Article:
Psychiatry & Psychology--General/Interview


I have been searching in my local area to interview a psychologist or therapist, but no one is willing to take the time to answer just ten questions. So I was hoping you could help me?  I am about to graduate with my BS in psychology and really need some help.
Here are the questions if you are willing to participate:
1.)In what setting do you practice? How long have you been practicing?
2.)What are your specialties or areas of clinical focus?
3.)What are the most common disorders you treat?
4.)Do you have any special certifications or training beyond your original graduate coursework?
5.)How do you approach therapy or treatment? Do you use specific modalities, techniques, or interventions?
6.)What ethical and legal issues do you think are the most challenging or common?
7.)Do you have an opinion on where you think the field of psychology is heading?
8.)What do you enjoy most about your work?
9.)What advice would you provide an aspiring psychologist or therapist?

Thank you,

1. I have a home office. I have been practicing 8 years.
2, My specialties are treating trauma...most mental illnesses or psychological issues are caused by some form of relational trauma.
3. Trauma, eating disorders, relational difficulties
4. I continue my training in Psychoanalysis...I am a fourth year candidate in training. I also attend yearly conferences in psychoanalysis and in eating disorder treatment.
5. My modality of treatment is infused primarily with psychoanalytic techniques and approaches. Although I do not adhere strictly to such techniques, I use them to creatively attend to my patients and their problems, such that each treatment is unique to the patient. I also use mindfulness techniques to help manage symptoms while working on the underlying relational cause.
6. Patients always want to know personal things about me and have a wish to become friends. It is necessary to protect the patient and to be mindful of this desire. As such, I treat each patient compassionately and carefully. All interventions must necessarily be in the PATIENT'S best interest. Anything outside that is to be avoided at all cost. Also, patients' family members often want to be treated by me. I keep a strict rule never to take on family members as individual clients. This interferes with the primary therapeutic relationship.
7. I think, as we learn more and more about how the mind works and which modalities have the best chance of more permanent, consistent change, Psychoanalysis will enter into a Renaissance. In my mind it is the sincerest form of truth-finding, uncovering unconscious wishes, fears, and resistances that then allow healing to take place. There is a connection between quantum phenomena and psychoanalytic change. That may be the next foray of investigation.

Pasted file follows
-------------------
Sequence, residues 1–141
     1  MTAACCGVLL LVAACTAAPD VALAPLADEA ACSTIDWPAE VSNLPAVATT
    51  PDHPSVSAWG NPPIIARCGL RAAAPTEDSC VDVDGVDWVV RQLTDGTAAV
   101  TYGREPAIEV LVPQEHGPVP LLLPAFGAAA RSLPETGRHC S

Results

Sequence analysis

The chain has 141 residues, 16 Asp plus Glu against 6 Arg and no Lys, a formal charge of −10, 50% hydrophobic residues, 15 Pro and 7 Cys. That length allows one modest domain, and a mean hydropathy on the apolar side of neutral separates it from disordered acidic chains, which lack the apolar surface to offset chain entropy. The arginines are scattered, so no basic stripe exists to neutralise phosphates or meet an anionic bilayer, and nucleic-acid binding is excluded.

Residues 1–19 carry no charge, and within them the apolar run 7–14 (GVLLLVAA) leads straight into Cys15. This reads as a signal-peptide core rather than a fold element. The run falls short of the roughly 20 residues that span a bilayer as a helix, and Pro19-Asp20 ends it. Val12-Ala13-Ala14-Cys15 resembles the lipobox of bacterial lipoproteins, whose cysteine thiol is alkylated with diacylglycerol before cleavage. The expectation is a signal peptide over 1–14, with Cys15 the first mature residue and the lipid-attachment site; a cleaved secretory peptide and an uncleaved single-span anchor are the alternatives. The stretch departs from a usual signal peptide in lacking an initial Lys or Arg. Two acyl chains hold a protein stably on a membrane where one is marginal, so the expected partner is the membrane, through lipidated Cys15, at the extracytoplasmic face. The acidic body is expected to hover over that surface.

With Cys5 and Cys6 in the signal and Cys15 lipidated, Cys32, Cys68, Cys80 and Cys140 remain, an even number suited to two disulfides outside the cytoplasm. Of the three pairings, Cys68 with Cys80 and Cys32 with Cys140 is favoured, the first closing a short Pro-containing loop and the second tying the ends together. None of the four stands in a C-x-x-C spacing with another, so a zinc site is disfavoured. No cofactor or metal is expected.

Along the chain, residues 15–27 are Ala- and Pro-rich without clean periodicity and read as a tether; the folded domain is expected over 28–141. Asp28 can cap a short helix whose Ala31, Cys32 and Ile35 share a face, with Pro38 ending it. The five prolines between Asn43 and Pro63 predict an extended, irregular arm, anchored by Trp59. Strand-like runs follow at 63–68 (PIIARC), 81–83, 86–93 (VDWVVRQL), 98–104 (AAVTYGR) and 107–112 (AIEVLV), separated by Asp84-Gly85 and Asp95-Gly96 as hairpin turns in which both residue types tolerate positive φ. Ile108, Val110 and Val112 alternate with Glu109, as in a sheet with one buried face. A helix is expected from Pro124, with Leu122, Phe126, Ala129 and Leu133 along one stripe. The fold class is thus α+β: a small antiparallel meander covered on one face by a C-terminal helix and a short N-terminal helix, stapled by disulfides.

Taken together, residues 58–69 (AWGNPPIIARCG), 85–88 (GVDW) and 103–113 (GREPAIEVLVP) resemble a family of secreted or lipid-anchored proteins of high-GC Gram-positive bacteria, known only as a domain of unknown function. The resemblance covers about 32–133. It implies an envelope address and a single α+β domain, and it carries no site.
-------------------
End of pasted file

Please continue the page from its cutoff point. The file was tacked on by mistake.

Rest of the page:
8. Expanding my mind as I endeavor to heal others'.
9. Stay as true to yourself and to your patients as possible. Always question. Explore your motivations as well as the motivations of your patients. Be open to all ideas and ALWAYS listen to your patients carefully. THEY are the experts on themselves and have much to teach you.

Psychiatry & Psychology--General

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Jacquelynn Cunliffe


I would like to answer under the category of Psychiatry and Psychology. However, I would like to see a separate category for Psychotherapy/Psychoanalysis. I do not answer questions about medications as I do not prescribe. My expertise is in psychotherapeutic treatment.


I am a psychotherapist and psychoanalyst who specializes in the treatment of mental health issues caused by childhood trauma, domestic abuse, eating disorders, relationship difficulties, and a wide variety of psychological disorders. The kind of therapy I do is often referred to as deep therapy, talk therapy, or psychoanalytic therapy. Please note that I am not against medications and when managed well, medication can be an adjunct to psychotherapy intervention. I think it is important for the public to realize that psychodynamic or psychoanalytic psychotherapy DOESmake changes not only in people's minds but those changes can also be detected in their brain structure. Psychotherapy and psychoanalysis are powerful interventions to help people change their lives from the inside out.

American Psychoanalytic Association American Psychiatric Nurse Association Member of Psychoanalytic Center of Philadelphia Member of National Eating Disorder Association

Ph.D.-University of Pennsylvania, Psychology and Education, Division of Human Development M.S.N. and R.N.-B.C. Board Certified Nurse in Psychiatric and Mental Health Nursing. 2-Year Adult Psychotherapy Program graduate 2-Year Child Psychotherapy Graduate Current: Candidate in Psychoanalytic Training at the Psychoanalytic Center of Philadelphia

Past/Present Clients
I have worked with clients who have experienced significant childhood traumas. These patients come with a variety of mental health issues, including anxiety, depression, suicidal ideations, relationship difficulties and diagnoses such as Personality Disorders, Adjustment Disorders, and, though rarely, Dissociative Identity Disorder (formerly multiple Personality Disorder)

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